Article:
In Silico Structure-Based Repositioning of Approved Drugs for Spike Glycoprotein S2 Domain Fusion Peptide of SARS-CoV-2: Rationale from Molecular Dynamics and Binding Free Energy Calculations.

Abstract

The membrane-anchored spike (S) protein of severe acute respiratory syndrome coronavirus 2 (SARS-CoV-2) has a pivotal role in directing the fusion of the virus particle mediated by the host cell receptor angiotensin-converting enzyme 2 (ACE-2). The fusion peptide region of the S protein S2 domain provides SARS-CoV-2 with the biological machinery needed for direct fusion to the host lipid membrane. In our present study, computer-aided drug design strategies were used for the identification of FDA-approved small molecules using the optimal structure of the S2 domain, which exhibits optimal interaction ratios, structural features, and energy variables, which were evaluated based on their performances in molecular docking, molecular dynamics simulations, molecular mechanics/generalized Born model and solvent accessibility binding free energy calculations of molecular dynamics trajectories, and statistical inferences. Among the 2,625 FDA-approved small molecules, chloramphenicol succinate, imipenem, and imidurea turned out to be the molecules that bound the best at the fusion peptide hydrophobic pocket. The principal interactions of the selected molecules suggest that the potential binding site at the fusion peptide region is centralized amid the Lys790, Thr791, Lys795, Asp808, and Gln872 residues.IMPORTANCE The present study provides the structural identification of the viable binding residues of the SARS-CoV-2 S2 fusion peptide region, which holds prime importance in the virus’s host cell fusion and entry mechanism. The classical molecular mechanics simulations were set on values that mimic physiological standards for a good approximation of the dynamic behavior of selected drugs in biological systems. The drug molecules screened and analyzed here have relevant antiviral properties, which are reported here and which might hint toward their utilization in the coronavirus disease 2019 (COVID-19) pandemic owing to their attributes of binding to the fusion protein binding region shown in this study.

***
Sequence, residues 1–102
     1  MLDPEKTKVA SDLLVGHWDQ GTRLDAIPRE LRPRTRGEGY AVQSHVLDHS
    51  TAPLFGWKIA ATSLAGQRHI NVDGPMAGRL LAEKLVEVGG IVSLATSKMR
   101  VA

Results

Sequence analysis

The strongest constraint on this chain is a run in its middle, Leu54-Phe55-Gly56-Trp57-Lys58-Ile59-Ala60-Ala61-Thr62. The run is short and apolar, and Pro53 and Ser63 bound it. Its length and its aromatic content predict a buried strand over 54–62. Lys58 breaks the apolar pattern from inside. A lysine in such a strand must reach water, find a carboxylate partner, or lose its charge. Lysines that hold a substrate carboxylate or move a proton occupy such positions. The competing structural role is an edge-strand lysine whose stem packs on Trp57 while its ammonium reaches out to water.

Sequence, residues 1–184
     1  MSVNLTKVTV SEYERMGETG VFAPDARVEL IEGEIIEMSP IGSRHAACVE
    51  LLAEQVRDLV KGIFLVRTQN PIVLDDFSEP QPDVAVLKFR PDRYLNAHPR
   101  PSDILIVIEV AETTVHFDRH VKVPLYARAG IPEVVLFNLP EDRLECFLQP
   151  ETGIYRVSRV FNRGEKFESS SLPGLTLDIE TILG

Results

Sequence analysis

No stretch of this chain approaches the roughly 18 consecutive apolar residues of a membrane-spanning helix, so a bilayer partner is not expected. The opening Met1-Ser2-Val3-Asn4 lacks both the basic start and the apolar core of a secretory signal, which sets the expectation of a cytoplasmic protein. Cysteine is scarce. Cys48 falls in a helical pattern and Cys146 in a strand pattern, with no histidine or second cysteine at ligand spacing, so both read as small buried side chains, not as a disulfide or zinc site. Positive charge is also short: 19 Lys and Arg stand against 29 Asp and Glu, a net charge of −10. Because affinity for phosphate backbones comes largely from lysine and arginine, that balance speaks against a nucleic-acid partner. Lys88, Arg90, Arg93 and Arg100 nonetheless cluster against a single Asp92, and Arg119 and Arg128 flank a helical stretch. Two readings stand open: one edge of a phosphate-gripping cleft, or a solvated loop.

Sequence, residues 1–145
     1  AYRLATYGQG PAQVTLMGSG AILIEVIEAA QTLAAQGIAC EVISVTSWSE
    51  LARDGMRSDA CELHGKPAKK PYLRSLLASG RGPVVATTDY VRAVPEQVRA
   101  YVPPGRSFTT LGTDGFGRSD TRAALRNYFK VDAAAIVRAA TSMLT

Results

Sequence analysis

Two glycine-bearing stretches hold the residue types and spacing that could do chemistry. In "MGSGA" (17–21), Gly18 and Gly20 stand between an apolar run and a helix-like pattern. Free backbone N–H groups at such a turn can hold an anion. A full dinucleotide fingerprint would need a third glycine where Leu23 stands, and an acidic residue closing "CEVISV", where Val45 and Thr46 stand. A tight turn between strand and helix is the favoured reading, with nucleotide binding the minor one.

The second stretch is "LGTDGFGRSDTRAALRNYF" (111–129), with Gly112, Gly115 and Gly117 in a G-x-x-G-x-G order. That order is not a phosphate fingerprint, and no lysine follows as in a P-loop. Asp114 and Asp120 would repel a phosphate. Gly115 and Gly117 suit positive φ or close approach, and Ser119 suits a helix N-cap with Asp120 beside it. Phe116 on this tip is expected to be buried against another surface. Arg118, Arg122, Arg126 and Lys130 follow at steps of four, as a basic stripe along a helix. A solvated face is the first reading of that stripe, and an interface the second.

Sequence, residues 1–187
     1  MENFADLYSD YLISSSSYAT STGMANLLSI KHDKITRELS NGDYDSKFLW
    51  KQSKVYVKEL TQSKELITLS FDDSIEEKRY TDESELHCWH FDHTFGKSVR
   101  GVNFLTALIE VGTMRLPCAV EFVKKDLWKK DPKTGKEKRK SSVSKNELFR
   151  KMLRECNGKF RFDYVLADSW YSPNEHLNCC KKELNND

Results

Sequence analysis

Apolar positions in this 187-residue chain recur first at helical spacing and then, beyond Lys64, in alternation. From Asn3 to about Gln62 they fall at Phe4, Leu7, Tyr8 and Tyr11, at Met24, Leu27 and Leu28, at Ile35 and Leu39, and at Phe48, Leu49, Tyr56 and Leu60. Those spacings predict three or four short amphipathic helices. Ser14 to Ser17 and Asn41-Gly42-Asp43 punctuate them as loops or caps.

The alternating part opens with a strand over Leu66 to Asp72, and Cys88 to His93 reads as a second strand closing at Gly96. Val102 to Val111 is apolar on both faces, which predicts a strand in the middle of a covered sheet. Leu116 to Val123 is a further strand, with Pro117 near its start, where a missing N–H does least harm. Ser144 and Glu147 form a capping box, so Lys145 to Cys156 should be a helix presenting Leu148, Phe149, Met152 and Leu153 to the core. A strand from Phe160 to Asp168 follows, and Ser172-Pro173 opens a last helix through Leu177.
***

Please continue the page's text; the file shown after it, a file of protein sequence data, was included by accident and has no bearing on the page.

Publication
In mSystems
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